Notes

Amore, Mario, and Morten Bennedsen. “The Value of Local Political Connections in a Low-corruption Environment.” Journal of Financial Economics (2013): 19-20. Web.

Cohen, Rick. “New York’s Nonprofit Culture—“Corrupt at the Core?”.” Nonprofit Quarterly (2014): n. pag. Web. <https://nonprofitquarterly.org/2014/02/07/new-york-s-nonprofit-culture-corrupt-at-the-core/?gclid=Cj0KEQjw_9-9BRCqpZeZhLeOg68BEiQAOviWAhGhn_Fto85pvtpHuErLkoGiu-SOyuefS303Cui6bCgaAuEZ8P8HAQ&gt;.

Most Non Profits have little idea about the working capital to keep in the bank at all times. Nonprofit articles often recommend cash equal to 6 months of expenses. Those writers have obviously not actually worked in a smaller nonprofit. Aside from a legacy, there is little chance of putting aside half of the year’s program budget for a rainy day fund.

Many nonprofits take one of two approaches. One approach is to receive a windfall legacy or grant and keep the entire amount in a savings account to be safe. This sadly reduces the investment in mission. Imagine operating a food bank that can open a new location and get reimbursed for food. It will cost $1,000.000 to renovate the space. The Board decides not to proceed because it has $3 million available and fears drawing down its cash.

The other common approach is to put your head down, keep operating and hope that the day never comes when the unavoidable demand for cash clashes with the available bank balance.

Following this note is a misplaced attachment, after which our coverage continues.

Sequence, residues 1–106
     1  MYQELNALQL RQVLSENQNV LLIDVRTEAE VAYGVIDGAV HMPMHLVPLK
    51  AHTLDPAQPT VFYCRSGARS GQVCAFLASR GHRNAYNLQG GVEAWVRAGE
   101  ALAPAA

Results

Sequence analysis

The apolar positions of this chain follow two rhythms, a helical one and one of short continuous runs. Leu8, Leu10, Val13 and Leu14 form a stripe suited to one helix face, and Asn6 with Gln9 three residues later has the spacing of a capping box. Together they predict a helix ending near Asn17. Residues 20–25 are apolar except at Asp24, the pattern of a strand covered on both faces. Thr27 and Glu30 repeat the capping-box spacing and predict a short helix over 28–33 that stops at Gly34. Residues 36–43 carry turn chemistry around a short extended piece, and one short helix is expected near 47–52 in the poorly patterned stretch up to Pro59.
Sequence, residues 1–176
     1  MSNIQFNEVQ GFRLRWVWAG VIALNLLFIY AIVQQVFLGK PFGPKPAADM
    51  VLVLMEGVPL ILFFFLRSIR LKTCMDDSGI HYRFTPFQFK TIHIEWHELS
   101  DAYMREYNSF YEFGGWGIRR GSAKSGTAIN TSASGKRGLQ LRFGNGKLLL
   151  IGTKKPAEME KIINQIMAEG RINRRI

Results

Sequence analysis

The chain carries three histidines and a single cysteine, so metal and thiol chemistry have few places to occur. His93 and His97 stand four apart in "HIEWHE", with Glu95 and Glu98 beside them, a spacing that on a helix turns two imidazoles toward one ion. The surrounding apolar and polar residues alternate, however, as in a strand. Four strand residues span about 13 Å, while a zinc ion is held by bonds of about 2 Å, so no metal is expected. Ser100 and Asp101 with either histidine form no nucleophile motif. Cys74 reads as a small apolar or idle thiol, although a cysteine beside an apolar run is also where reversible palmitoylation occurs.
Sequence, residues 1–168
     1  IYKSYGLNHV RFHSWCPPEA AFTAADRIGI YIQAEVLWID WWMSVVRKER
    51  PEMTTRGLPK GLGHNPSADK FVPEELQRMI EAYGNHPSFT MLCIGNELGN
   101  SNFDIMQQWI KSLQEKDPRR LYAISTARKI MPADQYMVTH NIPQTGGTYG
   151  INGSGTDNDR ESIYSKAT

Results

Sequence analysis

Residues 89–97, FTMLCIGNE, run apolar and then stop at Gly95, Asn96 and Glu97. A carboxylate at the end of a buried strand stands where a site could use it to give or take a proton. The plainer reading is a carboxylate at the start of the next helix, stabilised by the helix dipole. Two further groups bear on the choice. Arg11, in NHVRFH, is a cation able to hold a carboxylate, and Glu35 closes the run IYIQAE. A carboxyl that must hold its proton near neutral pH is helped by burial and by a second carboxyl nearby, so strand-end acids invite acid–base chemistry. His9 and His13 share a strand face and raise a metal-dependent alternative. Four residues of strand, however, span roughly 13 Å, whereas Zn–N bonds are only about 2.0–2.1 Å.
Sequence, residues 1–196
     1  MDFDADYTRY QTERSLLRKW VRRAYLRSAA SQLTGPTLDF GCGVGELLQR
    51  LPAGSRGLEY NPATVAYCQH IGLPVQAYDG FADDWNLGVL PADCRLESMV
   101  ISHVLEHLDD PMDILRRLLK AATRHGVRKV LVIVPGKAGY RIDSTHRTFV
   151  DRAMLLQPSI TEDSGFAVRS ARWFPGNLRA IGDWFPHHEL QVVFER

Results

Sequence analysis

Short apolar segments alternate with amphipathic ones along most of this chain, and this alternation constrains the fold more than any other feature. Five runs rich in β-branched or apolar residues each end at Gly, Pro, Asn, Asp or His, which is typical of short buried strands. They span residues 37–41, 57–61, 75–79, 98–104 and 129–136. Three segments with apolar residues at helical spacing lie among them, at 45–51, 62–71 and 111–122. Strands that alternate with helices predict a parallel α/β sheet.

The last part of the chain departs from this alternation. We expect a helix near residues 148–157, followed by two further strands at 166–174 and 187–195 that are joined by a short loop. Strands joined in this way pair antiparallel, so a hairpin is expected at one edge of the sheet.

Fortunately, there are formulas that help.

Greg Crabtree* advocates for 2 months of operations plus 10% profit of cash in bank. For example, a $12,000,000 revenue company might have $2,000,000 plus $1,200,000 ($3,200,000) in ready cash and securities.

On a daily basis that same company may only need $10,955 in constantly available cash and the rest in a money market (or line of credit).

Get out the calculator! The formula is  (2 * monthly amount needed to pay bills) / (Interest rate on line of credit/ 12).  Got that?  Now take the square root of that number.

Example: Your budget is $12 million** and your business is so regular that you need exactly 1/12 of that every month to pay bills. Line of credit is 5%

(2 * 1,000,000) / (.05 / 12) = 480,000,000.  The square root is $21,909.  The maximum to keep in the bank account is that amount and the average daily balance should only be $10,955. Save on line of credit costs or get more interest from the money market by holding only what the formula requires.

You can feed the hungry while making sure that your agency doesn’t end up needing bread.

*CRABTREE, GREG. SIMPLE NUMBERS, STRAIGHT TALK, BIG PROFITS!: 4 Keys to Unlock Your Business Potential. LIGHTNING SOURCE, 2014.

**My companies always have regular numbers to make clear examples. Don’t be surprised if you need to make some adjustments when you apply the formulas 🙂

If you want One Minute TurnArounds by email, please sign up!